JACKSON COUNTY, MS (WLOX) - It was a first on Tuesday in our state. When you went to your precinct to vote, you had to show your photo ID for poll workers to give you a ballot. That's because the state's Voter ID Law has gone into effect. The law requires you to present one of 10 forms of government-issued photo identification to vote.
The wet weather didn't stop folks in Gautier from letting their voices be heard on Election Day.
"It doesn't matter if it is raining or not, your vote counts," a Gautier resident said.
Before residents could cast their ballots, they had to prove they were eligible to vote.
"Most American citizens have a form of ID, be it a drivers license, a firearm permit," Poll manager Yuricka Hartley said.
Poll workers admit there were some people here confused over how the new voter ID law worked.
"Some people showed their voter registration card instead of a picture ID, and we really needed a picture ID," Hartley said.
Over in Ocean Springs, Jackson County Election Commission Chairman Danny Glaskox said there weren't many hiccups there.
"Most people understand that it is a state law and we can't change state law. It is required and it is mandatory and they know they have to prove who they are. As far as I know we haven't had any issues," Glaskox said.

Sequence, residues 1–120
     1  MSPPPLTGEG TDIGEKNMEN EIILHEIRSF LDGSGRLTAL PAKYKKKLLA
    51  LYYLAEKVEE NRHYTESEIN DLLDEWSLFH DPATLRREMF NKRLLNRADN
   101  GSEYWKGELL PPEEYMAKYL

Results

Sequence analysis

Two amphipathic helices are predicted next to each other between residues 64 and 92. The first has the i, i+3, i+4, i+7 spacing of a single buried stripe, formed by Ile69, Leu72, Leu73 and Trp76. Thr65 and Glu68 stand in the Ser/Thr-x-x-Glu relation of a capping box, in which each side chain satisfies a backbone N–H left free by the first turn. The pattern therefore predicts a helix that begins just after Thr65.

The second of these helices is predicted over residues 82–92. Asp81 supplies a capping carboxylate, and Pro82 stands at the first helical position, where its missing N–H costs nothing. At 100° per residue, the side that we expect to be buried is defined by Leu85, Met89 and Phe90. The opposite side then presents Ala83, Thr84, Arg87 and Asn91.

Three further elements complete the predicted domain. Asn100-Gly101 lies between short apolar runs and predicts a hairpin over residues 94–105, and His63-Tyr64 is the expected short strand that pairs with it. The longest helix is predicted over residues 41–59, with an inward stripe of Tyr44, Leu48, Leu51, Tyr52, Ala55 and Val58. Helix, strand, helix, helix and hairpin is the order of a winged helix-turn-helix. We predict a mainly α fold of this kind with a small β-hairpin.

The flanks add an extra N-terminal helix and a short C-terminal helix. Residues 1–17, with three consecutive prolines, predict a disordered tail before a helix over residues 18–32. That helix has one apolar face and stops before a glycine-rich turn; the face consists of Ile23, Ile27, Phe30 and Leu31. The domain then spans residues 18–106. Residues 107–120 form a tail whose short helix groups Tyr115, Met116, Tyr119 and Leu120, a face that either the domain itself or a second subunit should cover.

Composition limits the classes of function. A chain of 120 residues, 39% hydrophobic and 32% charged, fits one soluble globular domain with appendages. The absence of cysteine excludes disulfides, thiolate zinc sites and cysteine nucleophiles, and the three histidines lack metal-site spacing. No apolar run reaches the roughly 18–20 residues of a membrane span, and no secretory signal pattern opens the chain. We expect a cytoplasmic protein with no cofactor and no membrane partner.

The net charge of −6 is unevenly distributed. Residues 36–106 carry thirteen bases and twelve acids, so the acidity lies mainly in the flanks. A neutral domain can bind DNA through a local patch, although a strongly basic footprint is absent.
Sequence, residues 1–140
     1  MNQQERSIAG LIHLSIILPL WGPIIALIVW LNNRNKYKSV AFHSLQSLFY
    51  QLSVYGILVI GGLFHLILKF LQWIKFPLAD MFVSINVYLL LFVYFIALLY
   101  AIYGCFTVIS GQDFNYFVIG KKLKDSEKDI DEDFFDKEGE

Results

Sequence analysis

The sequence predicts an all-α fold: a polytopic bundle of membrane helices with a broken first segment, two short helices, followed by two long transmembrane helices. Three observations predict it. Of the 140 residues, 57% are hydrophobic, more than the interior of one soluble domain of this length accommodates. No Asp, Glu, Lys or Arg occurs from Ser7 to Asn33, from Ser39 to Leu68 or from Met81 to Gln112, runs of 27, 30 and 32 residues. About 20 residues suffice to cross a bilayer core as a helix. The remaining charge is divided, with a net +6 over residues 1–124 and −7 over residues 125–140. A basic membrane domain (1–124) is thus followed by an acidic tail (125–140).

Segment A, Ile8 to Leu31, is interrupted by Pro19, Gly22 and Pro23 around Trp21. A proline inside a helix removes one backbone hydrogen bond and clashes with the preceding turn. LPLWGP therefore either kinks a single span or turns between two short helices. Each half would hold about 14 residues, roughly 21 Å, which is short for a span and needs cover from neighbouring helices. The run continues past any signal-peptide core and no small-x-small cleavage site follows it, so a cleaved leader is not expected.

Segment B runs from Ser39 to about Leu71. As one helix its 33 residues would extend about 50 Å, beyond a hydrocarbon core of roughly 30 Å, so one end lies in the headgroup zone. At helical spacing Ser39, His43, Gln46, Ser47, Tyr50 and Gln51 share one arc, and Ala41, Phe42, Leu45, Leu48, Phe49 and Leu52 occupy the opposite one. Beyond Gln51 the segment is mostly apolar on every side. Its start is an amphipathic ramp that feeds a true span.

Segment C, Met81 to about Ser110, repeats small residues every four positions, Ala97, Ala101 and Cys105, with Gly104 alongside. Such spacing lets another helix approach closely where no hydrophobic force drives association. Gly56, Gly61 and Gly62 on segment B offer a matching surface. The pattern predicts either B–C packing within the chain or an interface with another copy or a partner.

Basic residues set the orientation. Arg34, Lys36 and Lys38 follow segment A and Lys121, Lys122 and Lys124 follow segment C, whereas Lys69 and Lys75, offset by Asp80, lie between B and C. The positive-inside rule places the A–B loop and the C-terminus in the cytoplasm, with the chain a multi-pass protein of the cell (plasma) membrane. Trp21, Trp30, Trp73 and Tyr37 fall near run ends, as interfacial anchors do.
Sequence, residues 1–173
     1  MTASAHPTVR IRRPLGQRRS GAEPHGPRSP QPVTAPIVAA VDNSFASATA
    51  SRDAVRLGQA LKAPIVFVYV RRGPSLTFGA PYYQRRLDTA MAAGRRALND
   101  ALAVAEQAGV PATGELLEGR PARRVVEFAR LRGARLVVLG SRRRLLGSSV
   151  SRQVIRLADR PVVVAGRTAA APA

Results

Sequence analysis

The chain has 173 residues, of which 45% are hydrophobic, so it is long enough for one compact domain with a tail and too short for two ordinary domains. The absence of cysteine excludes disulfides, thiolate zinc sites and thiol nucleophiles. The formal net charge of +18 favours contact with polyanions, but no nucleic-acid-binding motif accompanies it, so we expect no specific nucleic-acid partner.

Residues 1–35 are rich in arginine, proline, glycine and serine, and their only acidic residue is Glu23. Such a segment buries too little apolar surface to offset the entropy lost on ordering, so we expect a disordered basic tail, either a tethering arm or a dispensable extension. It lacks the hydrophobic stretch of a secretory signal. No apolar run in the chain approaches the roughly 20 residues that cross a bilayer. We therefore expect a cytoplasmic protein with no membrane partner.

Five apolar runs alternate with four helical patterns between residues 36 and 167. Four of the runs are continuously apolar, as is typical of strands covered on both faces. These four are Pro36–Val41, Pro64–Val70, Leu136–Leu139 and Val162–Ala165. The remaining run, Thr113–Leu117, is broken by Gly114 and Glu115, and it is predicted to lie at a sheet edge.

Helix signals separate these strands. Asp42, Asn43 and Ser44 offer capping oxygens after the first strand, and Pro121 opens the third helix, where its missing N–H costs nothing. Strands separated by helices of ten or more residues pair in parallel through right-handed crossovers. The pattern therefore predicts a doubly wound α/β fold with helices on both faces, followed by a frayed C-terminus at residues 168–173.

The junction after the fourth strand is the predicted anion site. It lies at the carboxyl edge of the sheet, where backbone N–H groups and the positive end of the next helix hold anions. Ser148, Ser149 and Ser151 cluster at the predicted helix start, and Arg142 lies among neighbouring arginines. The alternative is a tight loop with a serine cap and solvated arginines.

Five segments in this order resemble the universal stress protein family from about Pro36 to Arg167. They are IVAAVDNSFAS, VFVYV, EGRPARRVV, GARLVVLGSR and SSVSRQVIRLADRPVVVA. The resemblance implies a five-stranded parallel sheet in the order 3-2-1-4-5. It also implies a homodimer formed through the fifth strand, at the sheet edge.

Ocean Springs resident Peggy Hayes said the new law actually made voting simpler.
"No problems at all. In fact, it was easier than the last time when they couldn't find me," Hayes said.
Jane Magee brought several forms of ID just in case she ran into a problem.
"Very happy that we are doing this, because we have to show ID at the pharmacy and everywhere, so I don't see anything wrong with that," said Magee.
If people lacked identification, they were still able to vote. Jackson County NAACP officials said they also had members at the polling spots to make sure people weren't prevented from casting their ballots.
"If a person does not have an acceptable form of identification, they can vote affidavit. They will have five days to bring a current photo ID, and they will be able to vote and it will be verified," Hartley said.
Even with the new election change, voters say it didn't take away from their excitement to vote.
"I vote every time they ask us to. It is our duty," a voter said.
More than 80,000 people are registered to vote in Jackson County. By the way, the Mississippi Secretary of State's office is reporting that this primary has gone smoothly compared to other elections and they have only had a few calls on voter identification.